Effect of Peer-Based Low Back Pain Information and Reassurance at the Workplace on Sick Leave: A Cluster Randomized Trial
Peer reviewed, Journal article
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- Faculty of Psychology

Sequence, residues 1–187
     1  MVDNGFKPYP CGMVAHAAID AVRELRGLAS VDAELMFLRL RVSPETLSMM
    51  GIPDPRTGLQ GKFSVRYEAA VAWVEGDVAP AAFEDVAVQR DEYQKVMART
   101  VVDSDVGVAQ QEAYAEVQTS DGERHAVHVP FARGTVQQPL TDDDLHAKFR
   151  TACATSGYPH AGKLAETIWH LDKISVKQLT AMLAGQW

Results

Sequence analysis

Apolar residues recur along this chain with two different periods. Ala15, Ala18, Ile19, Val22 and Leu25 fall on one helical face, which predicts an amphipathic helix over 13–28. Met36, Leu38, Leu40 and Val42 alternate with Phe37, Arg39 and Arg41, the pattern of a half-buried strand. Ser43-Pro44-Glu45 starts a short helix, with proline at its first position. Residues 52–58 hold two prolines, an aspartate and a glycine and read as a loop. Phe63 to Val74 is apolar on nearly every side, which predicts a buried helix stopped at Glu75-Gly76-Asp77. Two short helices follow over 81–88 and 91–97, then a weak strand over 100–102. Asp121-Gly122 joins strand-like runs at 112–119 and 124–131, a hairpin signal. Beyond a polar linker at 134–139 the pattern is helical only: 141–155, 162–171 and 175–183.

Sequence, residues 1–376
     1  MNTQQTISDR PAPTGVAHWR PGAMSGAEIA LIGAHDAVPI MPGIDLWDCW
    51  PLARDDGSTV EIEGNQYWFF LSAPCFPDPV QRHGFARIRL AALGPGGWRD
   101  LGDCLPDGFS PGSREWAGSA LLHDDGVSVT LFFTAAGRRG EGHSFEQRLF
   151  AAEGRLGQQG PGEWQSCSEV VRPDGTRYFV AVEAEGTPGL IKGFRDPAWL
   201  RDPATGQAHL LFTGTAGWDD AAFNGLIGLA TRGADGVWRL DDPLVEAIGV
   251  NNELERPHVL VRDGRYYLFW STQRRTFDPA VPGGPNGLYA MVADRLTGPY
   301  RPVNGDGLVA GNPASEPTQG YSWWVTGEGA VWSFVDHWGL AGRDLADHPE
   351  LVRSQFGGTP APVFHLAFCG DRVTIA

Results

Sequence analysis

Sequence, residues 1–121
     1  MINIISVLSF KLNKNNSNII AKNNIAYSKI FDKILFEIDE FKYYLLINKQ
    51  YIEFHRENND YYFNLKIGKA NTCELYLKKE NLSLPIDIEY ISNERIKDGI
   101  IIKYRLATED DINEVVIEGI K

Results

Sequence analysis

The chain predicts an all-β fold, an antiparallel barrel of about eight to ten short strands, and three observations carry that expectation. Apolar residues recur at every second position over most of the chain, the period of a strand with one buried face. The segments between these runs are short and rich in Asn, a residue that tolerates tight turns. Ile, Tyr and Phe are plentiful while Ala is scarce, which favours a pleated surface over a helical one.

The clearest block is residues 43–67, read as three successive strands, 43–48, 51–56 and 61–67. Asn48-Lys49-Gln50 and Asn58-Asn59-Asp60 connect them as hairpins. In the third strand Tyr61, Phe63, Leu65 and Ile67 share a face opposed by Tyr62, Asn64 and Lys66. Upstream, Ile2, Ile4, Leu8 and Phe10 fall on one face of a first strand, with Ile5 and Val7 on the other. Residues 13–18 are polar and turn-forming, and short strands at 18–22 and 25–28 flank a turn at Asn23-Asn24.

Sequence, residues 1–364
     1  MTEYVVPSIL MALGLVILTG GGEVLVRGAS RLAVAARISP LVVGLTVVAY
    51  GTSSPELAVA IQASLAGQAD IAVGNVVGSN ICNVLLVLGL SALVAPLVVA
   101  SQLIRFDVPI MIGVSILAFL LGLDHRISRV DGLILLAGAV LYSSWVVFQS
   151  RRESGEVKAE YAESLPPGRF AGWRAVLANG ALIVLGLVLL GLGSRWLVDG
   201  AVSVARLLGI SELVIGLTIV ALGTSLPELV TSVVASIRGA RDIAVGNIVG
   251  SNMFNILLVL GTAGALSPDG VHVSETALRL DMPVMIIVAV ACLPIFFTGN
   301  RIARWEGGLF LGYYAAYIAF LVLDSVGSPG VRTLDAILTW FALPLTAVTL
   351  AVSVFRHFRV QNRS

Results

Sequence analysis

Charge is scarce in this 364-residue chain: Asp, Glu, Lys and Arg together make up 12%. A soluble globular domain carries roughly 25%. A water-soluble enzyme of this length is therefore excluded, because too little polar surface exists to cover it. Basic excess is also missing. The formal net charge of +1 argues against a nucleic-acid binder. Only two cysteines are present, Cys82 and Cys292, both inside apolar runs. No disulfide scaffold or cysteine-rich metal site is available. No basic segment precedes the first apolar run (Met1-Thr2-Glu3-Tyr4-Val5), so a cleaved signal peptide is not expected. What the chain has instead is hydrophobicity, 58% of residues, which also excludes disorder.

Purpose: To evaluate whether information and reassurance about low back pain (LBP) given to employees at the workplace could reduce sick leave. Methods: A Cluster randomized controlled trial with 135 work units of about 3,500 public sector employees in two Norwegian municipalities, randomized into two intervention groups; Education and peer support (EPS) (n = 45 units), education and ‘‘peer support and access to an outpatient clinic’’ (EPSOC) (n = 48 units), and a control group (n = 42 units). Both interventions consisted of educational meetings based on a ‘‘non-injury model’’ and a ‘‘peer adviser’’ appointed by colleagues. Employees in the EPSOC group had access to an outpatient clinic for medical examination and further education. The control group received no intervention. The main outcome was sick leave based on municipal records. Secondary outcomes were self-reported pain, pain related fear of movement, coping, and beliefs about LBP from survey data of 1,746 employees (response rate about 50 %). Results: EPS reduced sick leave by 7 % and EPSOC reduced sick leave by 4 % during the intervention year, while sick leave in the control group was increased by 7 % during the same period. Overall, Rate Ratios (RR) were statistically significant for EPSOC (RR = .84 (C.I = 0.71–.99) but not EPS (RR = .92 (C.I = 0.78–1.09)) in a mixed Poisson regression analysis. Faulty beliefs about LBP were reduced in both intervention groups. Conclusions: Educational meetings, combined with peer support and access to an outpatient clinic, were effective in reducing sick leave in public sector employees.